Benny Bell Death, Obituary – Benny Bell was a club veteran who played for the team for a number of years. It is with great regret that we have learned of his passing. Benny contributed to our club in a number of different capacities, including those of player, secretary, treasurer, and officer in charge of international ticket sales. This tribute is paid by Steve Uglow, who formerly served as president of the club. Benny Bell is credited with having made the astute decision to move on from Maidstone and join Canterbury, beginning his career with the Pilgrims in the year 1976.
He was a skilled winger who had a good turn of pace and played frequently for both the 1st XV and the Pilgrims. Benny was starting to feel his age, but he was still enthusiastic about playing baseball and was happy to suit up for either the Pilgrims or the Cardinals. In between scoring hatfulls of tries, he took pleasure in discussing the finer points of the laws of the game with the referee, often from the other side of the field. Throughout his career, he has amassed an impressive try scoring record.
It was an international Saturday and an early morning kick-off at Merton Lane when I confessed to failing to find a scrum half and was begging for volunteers. This led to a change in the direction that the 3rd XV was heading in while I was captaining the team. Benny put his hand up, played an outstanding game, and was so worn out that he couldn’t criticize the official. Both parties came out ahead. By the time the season was over, he was playing rugby for the first XV.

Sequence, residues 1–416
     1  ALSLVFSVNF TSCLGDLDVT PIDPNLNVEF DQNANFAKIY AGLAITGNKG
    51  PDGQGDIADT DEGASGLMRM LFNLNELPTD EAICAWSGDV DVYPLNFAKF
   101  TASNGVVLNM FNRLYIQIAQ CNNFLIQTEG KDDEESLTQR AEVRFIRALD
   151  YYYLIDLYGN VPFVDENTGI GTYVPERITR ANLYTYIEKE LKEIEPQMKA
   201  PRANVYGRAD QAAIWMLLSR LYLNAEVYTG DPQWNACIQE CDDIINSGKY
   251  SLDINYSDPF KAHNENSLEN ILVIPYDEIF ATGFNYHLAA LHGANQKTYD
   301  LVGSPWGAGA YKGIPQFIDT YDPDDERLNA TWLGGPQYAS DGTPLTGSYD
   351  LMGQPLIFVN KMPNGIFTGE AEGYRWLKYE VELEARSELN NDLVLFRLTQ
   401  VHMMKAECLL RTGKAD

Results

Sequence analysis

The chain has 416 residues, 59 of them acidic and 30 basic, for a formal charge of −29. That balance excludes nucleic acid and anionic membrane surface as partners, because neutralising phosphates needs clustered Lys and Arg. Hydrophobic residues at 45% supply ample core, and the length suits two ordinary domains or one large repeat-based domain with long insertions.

Benny, who was in his late thirties at the time, was presented with the “most improved” player award during the club’s end-of-season supper. As soon as he hung up his cleats, Benny threw himself wholeheartedly into his new position as club secretary, and he also self-appointed himself as the chairman of the club’s resident pain in the neck. Born in Hartsop, which is located in Patterdale, he was raised in the county of Cumbria. And it was evident; nothing slipped through the cracks because Benny would always dig down, check, and then check once more.
He was attentive to every little thing. However, he prioritized the welfare of Canterbury Rugby above all other considerations at all times. In recent years, you could reliably locate him on the sidelines, where he remained actively involved in the evolution of the team’s playing membership and coaching staff. In this regard, as in so many others, he was a man of many opinions, and according to the law of averages, some of those opinions were correct.